Undertoad Monday Jan 14 11:48 AM
1/14: Lion and Oryx
This mother lion, in the wild, briefly befriended the Oryx by her side, who would under most circumstances be immediate cat food. Who knows what instinct made her give the beast a pass. Probably not just a pang of mercy; probably a mis-wiring of motherhood, since she does look like she's a bit skinny and could use a good dinner. But the post-script: later a male wandered home to find that this prize meal was just hanging out, ripe to be et. And so this Oryx wound up fulfilling its role in nature as a source of high-quality protein for the big cats.
Griff Monday Jan 14 12:07 PM
Maybe she wanted to be a stock farmer. Fatten him up a little...
dave Monday Jan 14 12:35 PM
Simple - She wanted to make her man jealous. He came home, got pissed and slaughtered it.
elSicomoro Monday Jan 14 01:38 PM
I heard about this...and it just made me sad for some reason.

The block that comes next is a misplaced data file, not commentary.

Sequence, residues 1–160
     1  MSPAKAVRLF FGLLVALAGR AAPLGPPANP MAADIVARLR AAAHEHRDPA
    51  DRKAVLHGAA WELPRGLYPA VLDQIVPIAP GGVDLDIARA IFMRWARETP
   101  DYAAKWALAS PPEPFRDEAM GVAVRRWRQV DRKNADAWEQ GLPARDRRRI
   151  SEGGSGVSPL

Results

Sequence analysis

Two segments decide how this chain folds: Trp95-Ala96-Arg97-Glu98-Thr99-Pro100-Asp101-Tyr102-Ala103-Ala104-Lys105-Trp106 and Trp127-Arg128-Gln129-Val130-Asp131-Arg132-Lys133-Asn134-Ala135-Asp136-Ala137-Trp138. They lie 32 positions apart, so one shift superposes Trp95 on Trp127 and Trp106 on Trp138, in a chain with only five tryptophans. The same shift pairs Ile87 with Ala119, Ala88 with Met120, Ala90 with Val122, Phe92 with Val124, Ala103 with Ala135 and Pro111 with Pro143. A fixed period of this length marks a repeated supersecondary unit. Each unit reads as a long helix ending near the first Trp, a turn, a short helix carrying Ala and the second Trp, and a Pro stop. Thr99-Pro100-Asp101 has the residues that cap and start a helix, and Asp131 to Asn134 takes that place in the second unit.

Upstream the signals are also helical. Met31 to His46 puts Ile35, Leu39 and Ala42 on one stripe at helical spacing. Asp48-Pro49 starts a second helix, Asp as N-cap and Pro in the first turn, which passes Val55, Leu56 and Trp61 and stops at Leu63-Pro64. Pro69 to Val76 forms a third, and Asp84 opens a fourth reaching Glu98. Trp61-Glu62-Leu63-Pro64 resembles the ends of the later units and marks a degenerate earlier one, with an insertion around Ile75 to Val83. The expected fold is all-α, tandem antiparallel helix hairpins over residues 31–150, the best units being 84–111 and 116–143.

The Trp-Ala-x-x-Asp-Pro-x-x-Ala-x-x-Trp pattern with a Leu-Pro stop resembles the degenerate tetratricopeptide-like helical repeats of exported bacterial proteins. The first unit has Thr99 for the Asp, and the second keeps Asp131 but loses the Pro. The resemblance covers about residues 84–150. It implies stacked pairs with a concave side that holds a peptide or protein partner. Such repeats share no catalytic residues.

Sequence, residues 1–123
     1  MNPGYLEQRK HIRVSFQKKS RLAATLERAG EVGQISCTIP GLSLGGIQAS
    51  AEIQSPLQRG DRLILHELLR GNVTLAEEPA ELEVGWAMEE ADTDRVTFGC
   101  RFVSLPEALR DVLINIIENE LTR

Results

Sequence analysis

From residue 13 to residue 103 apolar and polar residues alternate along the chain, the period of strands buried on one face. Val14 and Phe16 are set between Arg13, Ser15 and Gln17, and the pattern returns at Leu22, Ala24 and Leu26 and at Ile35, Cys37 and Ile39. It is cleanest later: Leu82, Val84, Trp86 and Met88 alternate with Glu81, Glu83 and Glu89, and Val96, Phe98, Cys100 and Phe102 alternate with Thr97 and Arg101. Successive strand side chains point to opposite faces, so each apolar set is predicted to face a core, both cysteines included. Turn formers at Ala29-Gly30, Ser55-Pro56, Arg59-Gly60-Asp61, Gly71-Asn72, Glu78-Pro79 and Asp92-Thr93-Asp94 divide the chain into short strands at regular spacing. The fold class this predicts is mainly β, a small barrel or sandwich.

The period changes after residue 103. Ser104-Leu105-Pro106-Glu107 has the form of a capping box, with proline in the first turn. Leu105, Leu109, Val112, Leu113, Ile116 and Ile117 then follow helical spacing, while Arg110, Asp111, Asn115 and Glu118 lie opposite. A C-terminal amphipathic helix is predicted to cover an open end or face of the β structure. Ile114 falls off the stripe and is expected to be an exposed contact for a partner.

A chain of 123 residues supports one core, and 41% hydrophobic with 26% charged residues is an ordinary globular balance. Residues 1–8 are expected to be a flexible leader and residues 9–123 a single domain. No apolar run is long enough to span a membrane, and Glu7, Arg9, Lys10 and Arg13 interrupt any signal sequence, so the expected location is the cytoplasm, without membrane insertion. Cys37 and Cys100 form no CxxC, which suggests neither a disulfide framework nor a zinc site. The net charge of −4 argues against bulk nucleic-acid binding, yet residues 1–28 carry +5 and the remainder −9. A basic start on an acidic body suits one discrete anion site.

Undertoad Monday Apr 1 08:39 PM
More on this story, which is two and a half months old:
NAIROBI (Reuters) - A Kenyan lioness who has already defied nature twice this year by adopting a baby oryx -- an antelope Africa's top predator usually likes to eat -- has done it again, adopting a third oryx.
Game wardens at Samburu National Park said on Monday they had found the lioness with a four or five-day-old oryx they called Easter on Saturday. She had previously adopted new born oryxes over New Year and on Valentine's Day.
On each occasion, she has given the calves affection, protection from other lions, and even allowed their natural mothers to come and feed them.
"Yesterday, two oryxes came (near the lion and calf), probably the mother and father," chief warden Simon Leirana told Reuters. "The lioness left the calf and went to sleep in the shade.
"The calf went to its mother and started suckling for about three minutes, then the lioness ran towards them and the mother oryx ran away."
Leirana said the calf tried to follow its mother, but was pursued by the lioness who eventually won "her" baby back.
Wardens said the latest adoptee looked well and strong. Oryx number two was taken away from the lioness after its condition deteriorated from lack of food.
Oryx number one was not so lucky. The lioness managed to protect it for two weeks before a hungry male lion with a traditional diet seized the baby while the lioness was napping.
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